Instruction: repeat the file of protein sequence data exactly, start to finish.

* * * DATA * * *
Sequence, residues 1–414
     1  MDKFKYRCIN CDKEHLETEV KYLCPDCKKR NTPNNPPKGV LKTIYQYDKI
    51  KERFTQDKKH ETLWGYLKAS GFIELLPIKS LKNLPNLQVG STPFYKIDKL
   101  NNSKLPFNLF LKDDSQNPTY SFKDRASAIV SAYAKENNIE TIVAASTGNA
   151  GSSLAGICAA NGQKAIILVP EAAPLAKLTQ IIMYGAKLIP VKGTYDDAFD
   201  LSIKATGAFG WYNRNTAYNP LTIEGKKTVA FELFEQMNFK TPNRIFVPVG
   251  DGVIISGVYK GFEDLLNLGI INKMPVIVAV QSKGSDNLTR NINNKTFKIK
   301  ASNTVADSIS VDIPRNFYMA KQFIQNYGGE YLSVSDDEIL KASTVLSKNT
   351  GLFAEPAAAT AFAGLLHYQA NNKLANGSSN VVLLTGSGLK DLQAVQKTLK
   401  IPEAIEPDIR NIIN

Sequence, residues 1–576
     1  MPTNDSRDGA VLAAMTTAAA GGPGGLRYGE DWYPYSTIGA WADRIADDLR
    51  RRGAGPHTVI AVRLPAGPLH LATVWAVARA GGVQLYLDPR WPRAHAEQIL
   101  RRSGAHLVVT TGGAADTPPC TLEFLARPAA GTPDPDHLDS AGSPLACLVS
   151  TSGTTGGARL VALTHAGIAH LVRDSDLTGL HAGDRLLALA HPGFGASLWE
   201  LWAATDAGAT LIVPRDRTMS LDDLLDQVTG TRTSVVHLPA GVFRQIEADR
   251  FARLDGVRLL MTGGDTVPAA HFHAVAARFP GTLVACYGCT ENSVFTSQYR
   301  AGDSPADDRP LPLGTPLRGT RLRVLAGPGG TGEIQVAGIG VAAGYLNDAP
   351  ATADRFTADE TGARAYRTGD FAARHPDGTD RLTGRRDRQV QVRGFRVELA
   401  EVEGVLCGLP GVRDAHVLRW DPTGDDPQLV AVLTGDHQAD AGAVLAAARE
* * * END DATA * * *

Sequence, residues 1–414
     1  MDKFKYRCIN CDKEHLETEV KYLCPDCKKR NTPNNPPKGV LKTIYQYDKI
    51  KERFTQDKKH ETLWGYLKAS GFIELLPIKS LKNLPNLQVG STPFYKIDKL
   101  NNSKLPFNLF LKDDSQNPTY SFKDRASAIV SAYAKENNIE TIVAASTGNA
   151  GSSLAGICAA NGQKAIILVP EAAPLAKLTQ IIMYGAKLIP VKGTYDDAFD
   201  LSIKATGAFG WYNRNTAYNP LTIEGKKTVA FELFEQMNFK TPNRIFVPVG
   251  DGVIISGVYK GFEDLLNLGI INKMPVIVAV QSKGSDNLTR NINNKTFKIK
   301  ASNTVADSIS VDIPRNFYMA KQFIQNYGGE YLSVSDDEIL KASTVLSKNT
   351  GLFAEPAAAT AFAGLLHYQA NNKLANGSSN VVLLTGSGLK DLQAVQKTLK
   401  IPEAIEPDIR NIIN

Sequence, residues 1–576
     1  MPTNDSRDGA VLAAMTTAAA GGPGGLRYGE DWYPYSTIGA WADRIADDLR
    51  RRGAGPHTVI AVRLPAGPLH LATVWAVARA GGVQLYLDPR WPRAHAEQIL
   101  RRSGAHLVVT TGGAADTPPC TLEFLARPAA GTPDPDHLDS AGSPLACLVS
   151  TSGTTGGARL VALTHAGIAH LVRDSDLTGL HAGDRLLALA HPGFGASLWE
   201  LWAATDAGAT LIVPRDRTMS LDDLLDQVTG TRTSVVHLPA GVFRQIEADR
   251  FARLDGVRLL MTGGDTVPAA HFHAVAARFP GTLVACYGCT ENSVFTSQYR
   301  AGDSPADDRP LPLGTPLRGT RLRVLAGPGG TGEIQVAGIG VAAGYLNDAP
   351  ATADRFTADE TGARAYRTGD FAARHPDGTD RLTGRRDRQV QVRGFRVELA
   401  EVEGVLCGLP GVRDAHVLRW DPTGDDPQLV AVLTGDHQAD AGAVLAAARE